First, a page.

Orion Pictures said Thursday that its largest investor group has agreed to sell its 27% stake for $26.3 million to a new group led by Viacom International. The action blocks two unsolicited bids for control of Orion that the New York-based movie company's management opposed.
The Viacom-led group, which includes the investment firms Wertheim & Co. and Bear, Stearns & Co., said it has agreed to buy 812,500 shares of common stock for $12 per share and warrants to purchase an additional 2.76 million shares for $6 a warrant from WP Films Associates, a limited partnership controlled by Warburg, Pincus Capital Corp.
Orion management rebuffed an offer last week from Anabasis Investments, the firm that owns the rights to the successful "Rambo" movies, when Anabasis offered $55 million for WP Films' 27% stake and Orion management's warrants that, if exercised, would equal about 12%.
A higher offer for the same block of stock was made Tuesday, although not disclosed until Thursday, by Los Angeles-based Trafalgar Holdings, which is controlled by former FCA Chairman Charles W. Knapp.
Trafalgar approached Warburg, Pincus to offer $8.50 cash per warrant and $14.50 cash per common share but only on the condition that Trafalgar gain control of the board. That bid was apparently blocked after Trafalgar was advised by Warburg, Pincus that Orion management would not relinquish control, according to Trafalgar Executive Vice President Donald L. Reynolds.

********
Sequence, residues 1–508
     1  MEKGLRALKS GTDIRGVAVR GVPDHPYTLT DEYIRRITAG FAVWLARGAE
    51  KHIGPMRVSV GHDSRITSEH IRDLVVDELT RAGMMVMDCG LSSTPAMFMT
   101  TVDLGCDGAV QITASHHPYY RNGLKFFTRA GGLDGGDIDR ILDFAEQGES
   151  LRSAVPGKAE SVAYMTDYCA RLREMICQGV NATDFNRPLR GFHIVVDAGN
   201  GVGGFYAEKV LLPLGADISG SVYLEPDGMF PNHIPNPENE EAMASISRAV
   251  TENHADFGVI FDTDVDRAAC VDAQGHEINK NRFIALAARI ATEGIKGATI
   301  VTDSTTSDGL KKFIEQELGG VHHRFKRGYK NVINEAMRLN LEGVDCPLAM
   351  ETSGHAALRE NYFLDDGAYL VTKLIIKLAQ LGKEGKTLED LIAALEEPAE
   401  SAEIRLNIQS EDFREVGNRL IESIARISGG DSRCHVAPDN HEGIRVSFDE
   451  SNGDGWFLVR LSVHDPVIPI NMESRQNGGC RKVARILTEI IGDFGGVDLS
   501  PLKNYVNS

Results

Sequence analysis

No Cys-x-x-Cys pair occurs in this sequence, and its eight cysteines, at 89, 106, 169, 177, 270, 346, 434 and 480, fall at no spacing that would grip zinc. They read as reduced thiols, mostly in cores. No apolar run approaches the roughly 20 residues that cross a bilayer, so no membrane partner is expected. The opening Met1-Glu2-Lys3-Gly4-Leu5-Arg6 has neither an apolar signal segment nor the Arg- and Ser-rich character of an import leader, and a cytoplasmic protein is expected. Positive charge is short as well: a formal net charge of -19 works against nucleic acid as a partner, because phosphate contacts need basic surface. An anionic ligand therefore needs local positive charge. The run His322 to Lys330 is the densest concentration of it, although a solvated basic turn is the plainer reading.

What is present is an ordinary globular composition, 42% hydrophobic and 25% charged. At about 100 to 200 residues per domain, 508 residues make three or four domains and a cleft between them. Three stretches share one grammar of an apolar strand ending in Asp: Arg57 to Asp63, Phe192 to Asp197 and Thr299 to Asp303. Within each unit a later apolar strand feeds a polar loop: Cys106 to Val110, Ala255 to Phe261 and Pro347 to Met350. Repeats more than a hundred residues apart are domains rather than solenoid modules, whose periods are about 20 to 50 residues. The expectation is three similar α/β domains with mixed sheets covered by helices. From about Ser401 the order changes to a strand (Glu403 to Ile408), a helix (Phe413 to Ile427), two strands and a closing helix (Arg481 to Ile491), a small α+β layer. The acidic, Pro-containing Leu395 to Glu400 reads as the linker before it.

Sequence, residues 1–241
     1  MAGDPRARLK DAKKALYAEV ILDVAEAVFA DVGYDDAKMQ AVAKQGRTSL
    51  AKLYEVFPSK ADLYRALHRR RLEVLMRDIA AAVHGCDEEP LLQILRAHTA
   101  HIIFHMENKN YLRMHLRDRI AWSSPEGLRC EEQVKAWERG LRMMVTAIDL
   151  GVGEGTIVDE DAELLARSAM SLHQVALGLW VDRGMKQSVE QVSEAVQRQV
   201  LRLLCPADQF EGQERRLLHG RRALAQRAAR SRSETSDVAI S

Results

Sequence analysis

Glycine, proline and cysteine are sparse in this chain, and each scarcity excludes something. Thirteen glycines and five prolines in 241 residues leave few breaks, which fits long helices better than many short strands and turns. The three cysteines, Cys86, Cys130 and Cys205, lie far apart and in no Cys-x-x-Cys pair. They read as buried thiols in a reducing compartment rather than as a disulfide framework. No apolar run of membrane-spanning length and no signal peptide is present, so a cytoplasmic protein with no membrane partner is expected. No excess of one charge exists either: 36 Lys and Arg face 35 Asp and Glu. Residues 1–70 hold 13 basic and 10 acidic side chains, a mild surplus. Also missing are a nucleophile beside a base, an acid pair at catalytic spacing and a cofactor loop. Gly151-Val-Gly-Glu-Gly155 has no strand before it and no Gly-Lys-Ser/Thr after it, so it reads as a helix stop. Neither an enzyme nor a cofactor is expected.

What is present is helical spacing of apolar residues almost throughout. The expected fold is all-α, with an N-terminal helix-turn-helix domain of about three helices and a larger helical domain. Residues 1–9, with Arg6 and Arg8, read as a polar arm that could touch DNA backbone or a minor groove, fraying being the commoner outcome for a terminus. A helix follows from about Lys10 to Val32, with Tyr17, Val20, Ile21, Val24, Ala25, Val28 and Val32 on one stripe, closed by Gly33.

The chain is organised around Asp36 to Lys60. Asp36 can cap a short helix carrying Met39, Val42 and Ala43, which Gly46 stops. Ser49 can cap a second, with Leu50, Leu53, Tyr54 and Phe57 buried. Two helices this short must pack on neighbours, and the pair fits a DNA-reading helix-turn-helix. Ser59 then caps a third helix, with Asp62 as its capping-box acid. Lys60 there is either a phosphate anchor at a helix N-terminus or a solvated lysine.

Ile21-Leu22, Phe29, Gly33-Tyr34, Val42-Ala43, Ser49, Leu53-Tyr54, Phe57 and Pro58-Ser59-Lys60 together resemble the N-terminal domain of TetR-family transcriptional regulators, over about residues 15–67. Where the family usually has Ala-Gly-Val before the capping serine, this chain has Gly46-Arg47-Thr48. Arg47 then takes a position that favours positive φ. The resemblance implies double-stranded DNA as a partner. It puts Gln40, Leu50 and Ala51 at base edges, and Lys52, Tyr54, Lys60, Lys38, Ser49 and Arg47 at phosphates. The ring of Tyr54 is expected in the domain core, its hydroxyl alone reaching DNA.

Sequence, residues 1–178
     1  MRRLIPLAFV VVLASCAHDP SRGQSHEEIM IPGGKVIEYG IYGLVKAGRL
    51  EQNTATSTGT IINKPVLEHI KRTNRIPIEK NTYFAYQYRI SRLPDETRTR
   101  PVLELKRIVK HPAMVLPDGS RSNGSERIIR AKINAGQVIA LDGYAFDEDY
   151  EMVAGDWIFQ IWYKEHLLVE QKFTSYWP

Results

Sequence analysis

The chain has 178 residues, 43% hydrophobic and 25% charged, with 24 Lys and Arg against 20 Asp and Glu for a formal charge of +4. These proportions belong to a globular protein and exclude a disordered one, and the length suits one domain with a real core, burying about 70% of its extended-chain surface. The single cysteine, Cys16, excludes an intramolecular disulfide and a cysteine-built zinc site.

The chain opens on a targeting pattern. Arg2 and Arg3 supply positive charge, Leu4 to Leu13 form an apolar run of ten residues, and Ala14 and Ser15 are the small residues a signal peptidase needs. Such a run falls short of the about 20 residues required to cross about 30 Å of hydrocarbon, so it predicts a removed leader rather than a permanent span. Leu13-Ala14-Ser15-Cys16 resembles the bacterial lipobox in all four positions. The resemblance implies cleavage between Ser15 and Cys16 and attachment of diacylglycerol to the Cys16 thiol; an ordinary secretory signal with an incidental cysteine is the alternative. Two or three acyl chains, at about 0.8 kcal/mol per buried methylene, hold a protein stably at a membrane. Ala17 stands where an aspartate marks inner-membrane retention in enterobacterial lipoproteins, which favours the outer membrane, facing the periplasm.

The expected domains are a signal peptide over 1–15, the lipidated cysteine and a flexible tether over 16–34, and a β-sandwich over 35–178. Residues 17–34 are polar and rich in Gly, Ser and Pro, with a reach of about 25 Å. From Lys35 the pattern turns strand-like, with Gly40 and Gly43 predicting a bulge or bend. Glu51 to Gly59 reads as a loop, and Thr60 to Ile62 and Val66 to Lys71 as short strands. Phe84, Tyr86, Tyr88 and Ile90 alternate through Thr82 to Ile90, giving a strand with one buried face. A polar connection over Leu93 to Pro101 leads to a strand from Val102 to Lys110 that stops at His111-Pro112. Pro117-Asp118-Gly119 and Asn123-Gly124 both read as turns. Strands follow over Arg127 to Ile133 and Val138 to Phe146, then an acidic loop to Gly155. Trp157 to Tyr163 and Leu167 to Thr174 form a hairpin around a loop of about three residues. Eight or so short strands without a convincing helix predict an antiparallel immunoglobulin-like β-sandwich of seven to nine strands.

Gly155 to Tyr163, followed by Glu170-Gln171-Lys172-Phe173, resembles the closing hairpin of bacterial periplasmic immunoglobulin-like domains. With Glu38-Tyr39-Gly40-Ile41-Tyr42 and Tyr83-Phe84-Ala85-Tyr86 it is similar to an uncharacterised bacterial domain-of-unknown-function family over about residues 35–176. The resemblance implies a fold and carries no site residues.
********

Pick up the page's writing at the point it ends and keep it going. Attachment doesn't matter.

William Bernstein, Orion executive vice president, said Thursday that he is unaware of the Trafalgar offer but noted that he and his three colleagues have said their warrants are "categorically not for sale."
The investment provides Viacom entree into the motion picture industry, while mounting a potential barrier to an unwelcome takeover bid. In recent months, New York-based Viacom has been the object of speculative stock trading, peaking when executives at JMB Realty in Chicago disclosed holdings of about 11.6%.
Viacom, which has been on an acquisition spree, tried last month to acquire a 50% stake in the MGM studio, but the talks collapsed. Viacom's decision to invest in Orion could spell an end to its interest in reviving the MGM talks with Turner Broadcasting System, which is in the process of buying the parent, MGM/UA Entertainment.
In a prepared release, Orion Chairman Arthur B. Krim said that he and Viacom Chief Executive Terry Elkes have "entered into preliminary discussions relating to more meaningful involvement by Viacom in Orion." The company did not elaborate.
Orion was launched four years ago by a former United Artists management team with the acquisition of Filmways and a $26-million cash infusion by WP Films and Home Box Office, a Time Inc. unit. Home Box Office's 800,000 warrants are not included in the sale to Viacom, Orion's Bernstein said.